For survival actions in Colorado Springs, family members may bring a claim on behalf of a deceased individual for the losses they sustained in their fatal accident. This means that an accident that causes someone to die may lead to a viable survival action but is not triggered by the person’s death. In a survival action, the estate of the deceased is the beneficiary in which they are seeking to recover actual losses suffered prior to the person’s death.
Alternatively, family members may file a wrongful death action against a wrongdoer for the losses they suffered as a result of their loved one. These damages may include the current and future loss of income, reimbursement of medical expenses from the date of injury to their death, funeral costs, loss of companionship to the family, and pain and suffering of the decedent from the time of injury to their death.
In a matter such as this, the potential claimants should contact an experienced lawyer because there could be different people making claims under the survival action and the wrongful death case.
When a person dies without a will, it is called dying intestate. The state’s intestacy laws determine who may represent the estate in a case. A family member may petition the court to be appointed Administrator of the Estate. In so doing, all immediate family members are listed along with their addresses and contact numbers. Then, a court holds a brief hearing to appoint someone as Personal Representative of the Estate. The Personal Representative serves at the discretion of the court and is required to prepare certain documents periodically to file.
In Colorado Springs, a person cannot bring noneconomic or punitive damage claims against someone in a survival action. Instead, only the lost earnings and expenses that were incurred or sustained before the injured person’s death can be recovered, with one notable exception being funeral expenses.
Claimants also may be eligible to recover loss of time before death as well as loss of pre-death earning capacity. In general, a claimant cannot recover any damages after someone’s death.
However, one exception is if the person who sustained injuries dies after a jury verdict, but before a case enters judgment, they may be able recover non-economic and punitive damages because they already received an award by the jury. Punitive damage claims cannot be recovered from an estate because these are designed to punish. If the wrongdoer died in the accident, the law does not punish their heirs.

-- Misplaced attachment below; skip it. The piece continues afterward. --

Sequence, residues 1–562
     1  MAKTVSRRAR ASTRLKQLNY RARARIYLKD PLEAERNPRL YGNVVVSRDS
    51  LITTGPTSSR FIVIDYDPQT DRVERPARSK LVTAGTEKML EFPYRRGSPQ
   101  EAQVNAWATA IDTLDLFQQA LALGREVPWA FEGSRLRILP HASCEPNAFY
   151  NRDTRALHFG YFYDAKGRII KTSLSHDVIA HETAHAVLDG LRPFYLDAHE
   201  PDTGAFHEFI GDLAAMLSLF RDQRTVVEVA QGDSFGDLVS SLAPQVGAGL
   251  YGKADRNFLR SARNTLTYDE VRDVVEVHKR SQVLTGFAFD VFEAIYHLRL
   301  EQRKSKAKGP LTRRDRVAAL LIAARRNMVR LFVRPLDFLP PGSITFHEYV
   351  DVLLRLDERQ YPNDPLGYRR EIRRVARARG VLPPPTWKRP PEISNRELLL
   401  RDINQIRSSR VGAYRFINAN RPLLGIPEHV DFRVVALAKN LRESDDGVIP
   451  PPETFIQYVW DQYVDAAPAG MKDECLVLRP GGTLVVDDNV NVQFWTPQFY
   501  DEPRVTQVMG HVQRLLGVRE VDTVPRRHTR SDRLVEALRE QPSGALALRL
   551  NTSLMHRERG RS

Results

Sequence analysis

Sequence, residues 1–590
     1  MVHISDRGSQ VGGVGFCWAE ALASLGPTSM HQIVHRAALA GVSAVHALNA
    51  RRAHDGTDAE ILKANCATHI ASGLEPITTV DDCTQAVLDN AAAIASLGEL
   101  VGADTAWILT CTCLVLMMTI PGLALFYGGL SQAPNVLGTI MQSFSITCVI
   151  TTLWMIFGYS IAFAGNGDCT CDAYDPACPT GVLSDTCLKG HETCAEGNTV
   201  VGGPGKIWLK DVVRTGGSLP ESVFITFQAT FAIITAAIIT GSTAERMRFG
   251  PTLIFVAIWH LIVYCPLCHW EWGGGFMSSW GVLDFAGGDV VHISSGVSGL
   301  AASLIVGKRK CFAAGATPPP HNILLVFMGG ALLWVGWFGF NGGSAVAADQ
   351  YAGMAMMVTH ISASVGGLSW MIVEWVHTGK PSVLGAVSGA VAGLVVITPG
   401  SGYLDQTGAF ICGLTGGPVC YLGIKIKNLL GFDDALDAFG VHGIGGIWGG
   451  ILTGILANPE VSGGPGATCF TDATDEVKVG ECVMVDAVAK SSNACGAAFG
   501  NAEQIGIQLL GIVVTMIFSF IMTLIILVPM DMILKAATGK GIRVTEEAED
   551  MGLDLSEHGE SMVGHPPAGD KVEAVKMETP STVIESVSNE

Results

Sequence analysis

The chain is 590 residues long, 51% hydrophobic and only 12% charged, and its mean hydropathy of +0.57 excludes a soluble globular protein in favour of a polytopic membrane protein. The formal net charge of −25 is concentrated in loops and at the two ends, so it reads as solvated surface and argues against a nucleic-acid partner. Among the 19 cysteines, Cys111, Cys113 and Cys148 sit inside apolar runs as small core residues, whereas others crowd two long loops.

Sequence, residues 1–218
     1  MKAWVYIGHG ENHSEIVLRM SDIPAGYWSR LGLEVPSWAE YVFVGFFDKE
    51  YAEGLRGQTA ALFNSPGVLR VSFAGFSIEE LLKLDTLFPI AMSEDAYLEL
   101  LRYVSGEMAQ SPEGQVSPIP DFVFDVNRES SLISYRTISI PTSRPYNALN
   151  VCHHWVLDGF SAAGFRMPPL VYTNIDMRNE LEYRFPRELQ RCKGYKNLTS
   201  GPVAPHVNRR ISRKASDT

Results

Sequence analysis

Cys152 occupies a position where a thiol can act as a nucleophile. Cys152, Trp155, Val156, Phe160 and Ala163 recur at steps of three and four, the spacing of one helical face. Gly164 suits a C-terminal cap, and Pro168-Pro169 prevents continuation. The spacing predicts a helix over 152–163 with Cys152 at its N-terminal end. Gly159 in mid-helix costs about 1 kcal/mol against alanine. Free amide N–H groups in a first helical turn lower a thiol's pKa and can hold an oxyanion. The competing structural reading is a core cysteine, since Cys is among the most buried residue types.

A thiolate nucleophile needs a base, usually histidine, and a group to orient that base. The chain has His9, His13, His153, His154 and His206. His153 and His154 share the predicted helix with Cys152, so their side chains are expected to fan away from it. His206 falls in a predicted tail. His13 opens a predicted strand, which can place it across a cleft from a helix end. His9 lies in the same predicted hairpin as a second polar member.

The evidence which could be gathered to calculate damages for a survival claim is the same as in any other personal injury case, such as medical bills and records. These are needed to prove the expenses were reasonable and related to the accident. Lost wages and funeral expenses need to be proven through documentation the same as a traditional civil claim.
Under state law and the Probate Code, all claims against a decedent’s estate would be a survival action. All claims that arose against the deceased before their death are barred unless they are presented to the Estate within four months after the date of the first publication of the Notice to Creditors, or not filed within a year after that person’s death.
However, if the decedent had liability insurance, this may be an exception to the time limitations. If a person brings an action and then dies while the action is pending, the court may advance the case. There are other critical time limitations, so claimants to an estate should consult with a lawyer for further information.
Other rules may apply when a claim arises before a person dies, but no action was filed. For instance, a claimant may need to file this action in the court where the personal representative is appointed, such as the Probate Court. If filed in other counties, it may be the District Court. Once the survival action commences, it is going to look similar to a personal injury claim, and the case needs supporting evidence to prove their damages.
When a family member or loved one dies, it is always an extremely emotional and devastating time. Having an experienced lawyer who could tell the family what they need to do, what needs to be done, and who could handle those things for them is invaluable. During this time, family members may not be able to think clearly through the process.
An experienced attorney could help them navigate around the pitfalls and the intricacies of the interplay between survival actions in Colorado Springs, wrongful death actions, the various time limitations, and probate court requirements. If you need legal assistance after the death of your family member, call our caring and compassionate team today.